The concentration on the actual recorded transcript of the trial meant that a lot of the drama was conveyed through close-ups, and there are some remarkable faces here: Maria Falconetti, in the title role, who gives one of the most remarkable and fearless performances in the history of cinema (and whose tears are mirrored by those of Anna Karina as she watches the film in Jean-Luc Godard’s Vivre Sa Vie); a relatively youthful Michel Simon, an iconic, beautifully ugly figure of French cinema, also present in such classics as L’Atalante, Boudu Saved From Drowning and Quai des Brumes, and whose 1968 swansong, Ce Grand Pere featured a soundtrack by Serge Gainsbourg and Michel Colombier (including a songs, L’Herbe Tendre, on which Gainsbourg and Simon, fellow spirits in many ways, collaborated); and the legendary Antonin Artaud, surrealist, experimental film maker and proponent of a confrontational performance style (the ‘theatre of cruelty’) who could be said to be one of the presiding spirits of the weekend. The music blended the sacred and elevated with industrial and noise elements. The choir produced ‘angelic’ interpolations at key moments which bordered on the clichéd but were archetypically affecting for all that. They also passed around ‘hocketed’ syllables to suggest the conspiratorial muttering of the ecclesiastical jury. The clamour and clank accompanying the torture chamber sequence conveyed the physical terror of pain and suffering experienced by Joan upon seeing these appalling devices demonstrated. The nauseating roll of the spiked wheel upon whose crushing revolutions the camera focuses was particularly well evoked by the metallic rumble and fingernail scrape of guitar and synth, anticipating the industrialised instruments of death from centuries to come. The final burning at the stake and subsequent revolt of the onlooking peasantry, a sequence which still has an almost unbearable intensity even to this day, was made even more powerful by the conjoined forces of the ensemble, with clangourous, tolling guitars heralding the uprising (and also echoing the climax of the Godspeed set). It was wonderful to see this deeply affecting film further elevated by such a finely attuned and adventurous soundtrack.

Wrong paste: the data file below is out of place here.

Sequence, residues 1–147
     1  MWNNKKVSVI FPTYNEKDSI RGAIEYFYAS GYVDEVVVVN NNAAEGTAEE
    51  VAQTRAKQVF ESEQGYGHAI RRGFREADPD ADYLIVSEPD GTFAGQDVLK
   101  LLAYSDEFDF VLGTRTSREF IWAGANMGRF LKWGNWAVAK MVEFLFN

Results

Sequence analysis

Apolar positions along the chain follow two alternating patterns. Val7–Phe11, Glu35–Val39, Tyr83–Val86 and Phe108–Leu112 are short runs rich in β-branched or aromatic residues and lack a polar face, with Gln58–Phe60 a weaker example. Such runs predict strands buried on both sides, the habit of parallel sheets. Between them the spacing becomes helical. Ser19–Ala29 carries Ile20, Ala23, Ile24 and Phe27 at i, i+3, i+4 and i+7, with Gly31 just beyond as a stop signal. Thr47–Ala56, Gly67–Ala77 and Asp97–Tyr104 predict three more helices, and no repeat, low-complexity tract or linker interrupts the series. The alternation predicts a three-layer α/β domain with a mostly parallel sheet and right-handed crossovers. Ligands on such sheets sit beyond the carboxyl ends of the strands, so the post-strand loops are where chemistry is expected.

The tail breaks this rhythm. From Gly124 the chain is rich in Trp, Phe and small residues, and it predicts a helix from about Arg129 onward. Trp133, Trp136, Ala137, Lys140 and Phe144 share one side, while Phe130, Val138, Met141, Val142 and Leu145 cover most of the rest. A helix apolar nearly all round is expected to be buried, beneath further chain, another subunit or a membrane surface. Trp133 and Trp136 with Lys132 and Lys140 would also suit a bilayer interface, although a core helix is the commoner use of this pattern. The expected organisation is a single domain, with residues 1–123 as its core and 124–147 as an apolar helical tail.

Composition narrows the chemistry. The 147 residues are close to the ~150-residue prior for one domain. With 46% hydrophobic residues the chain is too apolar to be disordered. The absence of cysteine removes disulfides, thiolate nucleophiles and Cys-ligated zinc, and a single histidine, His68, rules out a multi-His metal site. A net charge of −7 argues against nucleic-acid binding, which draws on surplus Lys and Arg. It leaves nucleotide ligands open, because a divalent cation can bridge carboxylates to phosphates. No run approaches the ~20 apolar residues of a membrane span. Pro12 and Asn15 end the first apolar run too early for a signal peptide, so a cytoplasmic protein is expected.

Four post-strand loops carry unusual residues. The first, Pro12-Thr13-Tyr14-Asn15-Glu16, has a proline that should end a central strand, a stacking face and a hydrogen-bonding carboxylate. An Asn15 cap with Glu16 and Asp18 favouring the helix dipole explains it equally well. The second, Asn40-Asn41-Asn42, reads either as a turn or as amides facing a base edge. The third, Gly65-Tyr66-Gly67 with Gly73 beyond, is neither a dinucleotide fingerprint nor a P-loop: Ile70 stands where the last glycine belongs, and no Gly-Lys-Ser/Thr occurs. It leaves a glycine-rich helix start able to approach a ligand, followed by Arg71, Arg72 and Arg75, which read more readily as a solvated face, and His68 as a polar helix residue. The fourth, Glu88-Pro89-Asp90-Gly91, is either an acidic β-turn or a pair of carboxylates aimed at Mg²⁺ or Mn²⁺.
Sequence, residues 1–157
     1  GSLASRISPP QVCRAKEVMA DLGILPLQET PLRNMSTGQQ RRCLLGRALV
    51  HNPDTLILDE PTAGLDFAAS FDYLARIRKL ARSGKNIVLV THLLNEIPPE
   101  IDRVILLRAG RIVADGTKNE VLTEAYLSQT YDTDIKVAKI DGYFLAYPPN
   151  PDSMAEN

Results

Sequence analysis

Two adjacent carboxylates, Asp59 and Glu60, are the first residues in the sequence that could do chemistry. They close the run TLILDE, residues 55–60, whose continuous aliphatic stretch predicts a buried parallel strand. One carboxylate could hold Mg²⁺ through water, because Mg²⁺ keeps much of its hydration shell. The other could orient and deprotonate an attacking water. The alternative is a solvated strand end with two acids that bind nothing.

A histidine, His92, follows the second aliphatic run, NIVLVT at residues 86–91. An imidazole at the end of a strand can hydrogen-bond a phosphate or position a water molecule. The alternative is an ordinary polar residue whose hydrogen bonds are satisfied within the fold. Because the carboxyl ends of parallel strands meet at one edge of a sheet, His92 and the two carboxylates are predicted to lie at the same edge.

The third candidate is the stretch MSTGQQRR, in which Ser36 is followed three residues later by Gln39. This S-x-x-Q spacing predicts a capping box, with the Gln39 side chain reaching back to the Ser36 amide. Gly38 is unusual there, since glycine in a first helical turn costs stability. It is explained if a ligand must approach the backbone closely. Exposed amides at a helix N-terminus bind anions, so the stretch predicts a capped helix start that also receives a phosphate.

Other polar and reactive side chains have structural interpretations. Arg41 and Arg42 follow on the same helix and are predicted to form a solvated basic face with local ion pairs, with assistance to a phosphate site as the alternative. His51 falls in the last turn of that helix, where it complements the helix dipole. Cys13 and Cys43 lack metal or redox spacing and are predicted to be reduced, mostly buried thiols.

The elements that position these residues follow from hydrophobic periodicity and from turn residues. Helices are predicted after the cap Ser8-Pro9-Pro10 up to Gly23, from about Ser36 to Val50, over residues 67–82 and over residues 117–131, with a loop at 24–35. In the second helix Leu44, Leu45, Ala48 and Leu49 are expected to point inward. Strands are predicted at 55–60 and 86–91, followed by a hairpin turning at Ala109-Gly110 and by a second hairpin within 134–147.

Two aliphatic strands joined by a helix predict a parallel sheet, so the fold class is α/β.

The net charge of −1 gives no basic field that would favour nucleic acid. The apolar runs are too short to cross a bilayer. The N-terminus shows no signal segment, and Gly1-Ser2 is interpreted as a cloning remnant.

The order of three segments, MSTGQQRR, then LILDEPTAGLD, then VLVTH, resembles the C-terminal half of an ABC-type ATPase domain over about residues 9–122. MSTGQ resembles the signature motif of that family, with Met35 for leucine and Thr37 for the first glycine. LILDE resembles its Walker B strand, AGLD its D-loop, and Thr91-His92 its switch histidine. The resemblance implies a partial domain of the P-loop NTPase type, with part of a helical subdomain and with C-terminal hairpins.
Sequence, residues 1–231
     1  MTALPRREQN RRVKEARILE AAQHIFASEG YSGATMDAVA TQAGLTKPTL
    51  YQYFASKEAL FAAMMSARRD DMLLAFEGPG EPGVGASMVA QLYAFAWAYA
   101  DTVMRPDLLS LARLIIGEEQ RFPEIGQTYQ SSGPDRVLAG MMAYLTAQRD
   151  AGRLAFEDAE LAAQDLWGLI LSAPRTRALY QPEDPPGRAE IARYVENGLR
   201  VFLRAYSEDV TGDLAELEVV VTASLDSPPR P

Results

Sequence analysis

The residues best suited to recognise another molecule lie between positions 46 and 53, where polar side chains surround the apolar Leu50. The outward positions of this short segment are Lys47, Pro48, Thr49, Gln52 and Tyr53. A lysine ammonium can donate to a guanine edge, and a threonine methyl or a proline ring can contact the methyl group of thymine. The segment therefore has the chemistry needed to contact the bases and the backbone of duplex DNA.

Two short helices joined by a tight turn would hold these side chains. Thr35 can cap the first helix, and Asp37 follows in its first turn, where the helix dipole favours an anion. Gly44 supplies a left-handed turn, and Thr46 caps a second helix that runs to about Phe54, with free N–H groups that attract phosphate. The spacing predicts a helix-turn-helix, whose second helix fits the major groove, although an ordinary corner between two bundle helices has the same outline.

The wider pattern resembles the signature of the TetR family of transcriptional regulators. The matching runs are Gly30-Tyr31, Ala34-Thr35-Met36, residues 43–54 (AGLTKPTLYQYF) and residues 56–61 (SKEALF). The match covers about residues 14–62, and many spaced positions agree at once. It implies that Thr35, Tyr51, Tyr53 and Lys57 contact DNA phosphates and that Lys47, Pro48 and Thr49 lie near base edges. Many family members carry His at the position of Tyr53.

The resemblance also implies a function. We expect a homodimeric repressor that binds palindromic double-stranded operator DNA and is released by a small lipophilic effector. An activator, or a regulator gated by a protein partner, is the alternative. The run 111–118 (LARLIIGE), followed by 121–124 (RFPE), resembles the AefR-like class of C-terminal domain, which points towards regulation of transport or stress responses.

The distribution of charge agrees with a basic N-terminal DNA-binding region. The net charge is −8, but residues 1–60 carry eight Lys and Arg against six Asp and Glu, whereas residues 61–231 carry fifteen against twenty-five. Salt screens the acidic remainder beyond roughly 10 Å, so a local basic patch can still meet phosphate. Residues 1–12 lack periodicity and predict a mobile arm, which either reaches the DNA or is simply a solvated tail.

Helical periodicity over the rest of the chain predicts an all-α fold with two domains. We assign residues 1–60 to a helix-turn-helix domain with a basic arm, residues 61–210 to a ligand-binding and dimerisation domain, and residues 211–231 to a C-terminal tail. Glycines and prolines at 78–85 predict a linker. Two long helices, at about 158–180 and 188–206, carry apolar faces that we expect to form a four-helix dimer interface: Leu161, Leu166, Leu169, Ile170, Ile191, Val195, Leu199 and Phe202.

It took me a while to see the latter half of the Acoustic Ladyland set in the Panorama Room as I had to negotiate the frustrating contraflow system which sought to reconfigure the everyday relationships of space and distance according to some arcane and evidently incommunicable logic. If you crossed a particular threshold between the corridors and halls of the Palace, you could not then step back, as an imposingly built orange-jacketed security person would tell you with implacable finality. A complete circumambulation of the building would then be necessary in order to return to the spot which you had just left. It was like passing through the mirror in Cocteau’s Orphee and entering a world which operated according to its own laws. There also seemed to be a problem with the room having reached its capacity, although there seemed no shortage of space when I was finally granted access. This was the group’s last performance and they went out in blazing style. They played a scorched-earth punk jazz, with short tenor sax phrases in a ripe Albert Ayler-ish tone occasionally exploding into frantic squeal and skronk, backed by guitar thrash and scrabble, and drum hurricane and coal chute tumble. It took jazz back to its party roots (with the audience batting large black and white balloons about), a music to dance to, as it had been in the hot 20s, the swing band 40s, and the hard bop 60s, although now the moves were of a more primal pogoing variety.